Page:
Sahapedia-UNESCO Fellowship is a collaborative project to encourage fresh research on tangible and intangible heritage across India and South Asia. Articles, videos, interviews and more, supported by the Fellowship, are freely available for everyone to read, watch and hear at www.sahapedia.org.
Sahapedia, in collaboration with the Directorate of Culture and Archaeology, Government of Chhattisgarh, has undertaken the project of documenting comprehensively the rich and diverse cultural traditions and natural heritage of the state. This involves preparing multi-media modules which include articles, interviews and documentaries of a wide range of cultural forms including oral epics, performing art and craft traditions etc.
The ubiquitous Hanuman is in the eye of a storm because of his lineage and where he belongs, thanks to a politician’s comments. While we do not intend to contest or endorse the veracity of such statements, we explore here some of the legends and lore associated with the much-loved vanardev, or monkey god (In Pic: A late 19th-century Kangra painting depicting Hanuman paying obeisance to Lord Rama from K.C. Aryan's collection of folk art)
Jataka Tales are part of Buddhist Theravada literature, which depict earlier incarnations of Gautama Buddha. In each of the fables, the Buddha demonstrates an aspect of non-violence (ahimsa) as he advances towards the perfection to be achieved in the birth as Siddhartha Gautama. These tales are a storehouse of information about life and society in ancient India [Fig. 1. Depiction of a Jataka Tale at Candi Mendut, central Java (Photo Source: Photo Dharma/Wikimedia Commons)]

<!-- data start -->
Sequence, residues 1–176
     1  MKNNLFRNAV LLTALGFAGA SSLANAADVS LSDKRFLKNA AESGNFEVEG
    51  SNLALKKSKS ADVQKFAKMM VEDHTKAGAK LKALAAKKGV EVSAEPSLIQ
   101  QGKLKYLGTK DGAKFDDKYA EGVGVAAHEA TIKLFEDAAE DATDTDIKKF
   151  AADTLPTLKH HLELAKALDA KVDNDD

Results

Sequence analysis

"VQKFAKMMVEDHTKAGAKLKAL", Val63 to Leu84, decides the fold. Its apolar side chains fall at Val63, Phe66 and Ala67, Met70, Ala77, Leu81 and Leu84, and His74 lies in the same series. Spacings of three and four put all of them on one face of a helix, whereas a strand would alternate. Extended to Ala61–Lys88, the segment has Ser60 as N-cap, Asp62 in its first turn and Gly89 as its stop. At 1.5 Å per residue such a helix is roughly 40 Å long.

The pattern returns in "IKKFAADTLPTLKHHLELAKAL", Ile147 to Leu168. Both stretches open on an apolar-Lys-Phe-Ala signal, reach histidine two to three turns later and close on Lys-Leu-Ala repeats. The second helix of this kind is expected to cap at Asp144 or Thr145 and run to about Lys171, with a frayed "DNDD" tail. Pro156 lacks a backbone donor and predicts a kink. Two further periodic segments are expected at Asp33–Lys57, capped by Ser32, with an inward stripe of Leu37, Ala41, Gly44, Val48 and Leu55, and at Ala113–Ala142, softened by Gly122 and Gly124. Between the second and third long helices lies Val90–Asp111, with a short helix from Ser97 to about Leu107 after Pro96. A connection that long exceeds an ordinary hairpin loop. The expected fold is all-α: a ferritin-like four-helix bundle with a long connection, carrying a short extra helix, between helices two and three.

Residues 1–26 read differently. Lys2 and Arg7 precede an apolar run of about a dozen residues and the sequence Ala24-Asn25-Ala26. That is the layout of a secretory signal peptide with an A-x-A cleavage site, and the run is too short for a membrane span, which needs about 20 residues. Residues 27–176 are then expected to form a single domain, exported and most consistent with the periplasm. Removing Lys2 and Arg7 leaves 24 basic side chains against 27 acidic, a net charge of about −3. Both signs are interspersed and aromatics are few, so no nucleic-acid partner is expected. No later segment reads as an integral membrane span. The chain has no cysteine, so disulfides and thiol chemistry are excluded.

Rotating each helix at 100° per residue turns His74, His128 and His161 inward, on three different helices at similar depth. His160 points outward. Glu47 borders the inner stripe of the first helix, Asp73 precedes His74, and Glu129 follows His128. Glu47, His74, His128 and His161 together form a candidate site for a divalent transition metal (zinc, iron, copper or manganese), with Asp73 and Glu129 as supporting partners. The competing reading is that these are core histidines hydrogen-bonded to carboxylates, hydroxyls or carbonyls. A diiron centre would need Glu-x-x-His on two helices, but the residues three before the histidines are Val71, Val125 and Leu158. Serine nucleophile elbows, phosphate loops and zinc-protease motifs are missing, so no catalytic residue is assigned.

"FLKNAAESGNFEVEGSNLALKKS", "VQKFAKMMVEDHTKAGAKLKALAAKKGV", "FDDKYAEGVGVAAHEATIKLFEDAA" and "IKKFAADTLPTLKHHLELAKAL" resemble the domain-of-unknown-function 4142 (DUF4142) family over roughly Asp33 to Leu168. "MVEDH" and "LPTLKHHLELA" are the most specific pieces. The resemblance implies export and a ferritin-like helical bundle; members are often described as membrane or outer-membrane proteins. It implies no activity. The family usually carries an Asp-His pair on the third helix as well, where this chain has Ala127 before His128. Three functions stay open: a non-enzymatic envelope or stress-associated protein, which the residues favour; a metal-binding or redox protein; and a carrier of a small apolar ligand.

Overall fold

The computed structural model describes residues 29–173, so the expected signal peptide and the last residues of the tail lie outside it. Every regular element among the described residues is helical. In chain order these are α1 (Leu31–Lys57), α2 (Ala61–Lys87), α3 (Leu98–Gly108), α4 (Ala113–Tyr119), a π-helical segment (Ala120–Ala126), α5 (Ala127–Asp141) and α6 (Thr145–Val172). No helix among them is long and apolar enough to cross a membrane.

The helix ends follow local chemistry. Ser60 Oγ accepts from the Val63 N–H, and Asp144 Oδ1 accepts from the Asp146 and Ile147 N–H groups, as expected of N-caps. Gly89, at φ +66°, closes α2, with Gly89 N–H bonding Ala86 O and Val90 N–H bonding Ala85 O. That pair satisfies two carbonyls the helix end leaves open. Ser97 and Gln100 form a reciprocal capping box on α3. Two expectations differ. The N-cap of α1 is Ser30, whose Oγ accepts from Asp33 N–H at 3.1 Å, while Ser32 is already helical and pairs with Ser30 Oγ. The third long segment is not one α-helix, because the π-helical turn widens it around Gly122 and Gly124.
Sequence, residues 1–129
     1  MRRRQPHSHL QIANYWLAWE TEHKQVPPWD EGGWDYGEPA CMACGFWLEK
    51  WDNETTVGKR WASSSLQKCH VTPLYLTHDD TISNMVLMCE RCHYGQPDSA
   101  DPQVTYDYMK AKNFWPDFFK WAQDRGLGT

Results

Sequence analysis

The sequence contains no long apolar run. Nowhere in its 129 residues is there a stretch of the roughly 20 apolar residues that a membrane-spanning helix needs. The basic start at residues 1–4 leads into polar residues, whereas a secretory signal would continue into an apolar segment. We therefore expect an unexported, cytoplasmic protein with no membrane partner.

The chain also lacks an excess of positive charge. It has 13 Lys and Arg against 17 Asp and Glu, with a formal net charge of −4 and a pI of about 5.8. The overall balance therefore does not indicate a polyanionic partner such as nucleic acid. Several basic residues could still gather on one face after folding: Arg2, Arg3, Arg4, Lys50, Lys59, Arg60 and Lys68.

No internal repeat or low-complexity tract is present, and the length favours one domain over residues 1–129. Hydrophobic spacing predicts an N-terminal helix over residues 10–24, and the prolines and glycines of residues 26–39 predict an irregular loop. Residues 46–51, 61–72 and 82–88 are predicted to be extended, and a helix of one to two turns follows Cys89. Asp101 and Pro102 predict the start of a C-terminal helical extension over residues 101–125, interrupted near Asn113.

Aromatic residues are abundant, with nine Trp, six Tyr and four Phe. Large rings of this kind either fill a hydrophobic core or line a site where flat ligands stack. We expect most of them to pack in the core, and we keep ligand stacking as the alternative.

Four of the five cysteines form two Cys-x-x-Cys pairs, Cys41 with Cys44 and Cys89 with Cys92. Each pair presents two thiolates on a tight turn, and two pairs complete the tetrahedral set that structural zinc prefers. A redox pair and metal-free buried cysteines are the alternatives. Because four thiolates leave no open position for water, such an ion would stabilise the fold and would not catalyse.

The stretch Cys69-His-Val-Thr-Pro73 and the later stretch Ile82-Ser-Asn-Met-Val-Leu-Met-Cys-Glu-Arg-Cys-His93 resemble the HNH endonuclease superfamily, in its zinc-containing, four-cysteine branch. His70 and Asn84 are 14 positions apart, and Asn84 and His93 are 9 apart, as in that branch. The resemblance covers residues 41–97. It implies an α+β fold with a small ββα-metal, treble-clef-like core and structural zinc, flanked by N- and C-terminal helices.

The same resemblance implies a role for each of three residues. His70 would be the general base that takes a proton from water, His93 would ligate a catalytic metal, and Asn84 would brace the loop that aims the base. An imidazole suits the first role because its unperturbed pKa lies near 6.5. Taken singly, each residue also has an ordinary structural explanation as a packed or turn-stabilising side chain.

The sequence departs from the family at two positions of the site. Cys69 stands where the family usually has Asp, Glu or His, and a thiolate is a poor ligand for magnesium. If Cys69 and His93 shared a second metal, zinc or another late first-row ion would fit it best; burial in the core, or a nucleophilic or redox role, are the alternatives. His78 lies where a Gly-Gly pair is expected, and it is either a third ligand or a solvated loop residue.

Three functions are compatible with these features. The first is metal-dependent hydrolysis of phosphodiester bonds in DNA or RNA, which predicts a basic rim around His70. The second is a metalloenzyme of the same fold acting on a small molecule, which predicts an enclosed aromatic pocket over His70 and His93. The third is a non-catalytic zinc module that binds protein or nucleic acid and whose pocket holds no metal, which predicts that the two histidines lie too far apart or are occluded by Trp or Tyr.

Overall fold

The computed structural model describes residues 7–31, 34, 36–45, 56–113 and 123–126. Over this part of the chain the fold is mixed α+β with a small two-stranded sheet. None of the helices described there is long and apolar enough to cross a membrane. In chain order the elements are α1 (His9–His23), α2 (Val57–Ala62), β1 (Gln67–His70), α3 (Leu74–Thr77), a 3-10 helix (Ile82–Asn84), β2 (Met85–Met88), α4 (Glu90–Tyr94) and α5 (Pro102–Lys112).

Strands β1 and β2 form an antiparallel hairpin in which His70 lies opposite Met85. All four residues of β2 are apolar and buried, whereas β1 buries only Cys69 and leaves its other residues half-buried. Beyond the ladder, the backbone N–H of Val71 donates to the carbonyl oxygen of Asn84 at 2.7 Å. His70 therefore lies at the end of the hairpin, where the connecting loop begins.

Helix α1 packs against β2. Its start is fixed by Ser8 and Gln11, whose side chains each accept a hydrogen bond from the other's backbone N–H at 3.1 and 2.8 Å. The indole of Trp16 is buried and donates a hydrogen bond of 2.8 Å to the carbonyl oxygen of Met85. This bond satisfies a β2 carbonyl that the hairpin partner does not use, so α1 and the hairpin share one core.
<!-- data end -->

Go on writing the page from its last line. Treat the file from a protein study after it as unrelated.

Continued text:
Over the centuries, the Dasamahavidyas and the Shakta Tantra systems have been assimilated and integrated into temple rituals and yogic practices that see the human body and the cosmos having similar structures and intersecting points of energy. The ‘yantra’ of intersecting triangles known as Sri Chakra has come to epitomise all the 10 forms of the goddess (The banner image is a colour lithograph of the 10 aspects of Devi, the divine mother.
Eminently placed in Indian oral tradition, linked tales are precursors to the modern genre of the novel, but they can elastically expand in every retelling. The famous tale of Vikram and Vetal is one such example. However, when they do end, they indicate how cultures provide closures to meaning-making endeavours and reflective listening experiences.
The Sanskritist, novelist, translator and teacher’s brilliant exposition of the multiple connections between aesthetic, religious and erotic rapture in Indian literature narrated with relish and the author’s renowned straddling of academic acumen and intimate tone, the folk tale and the epic.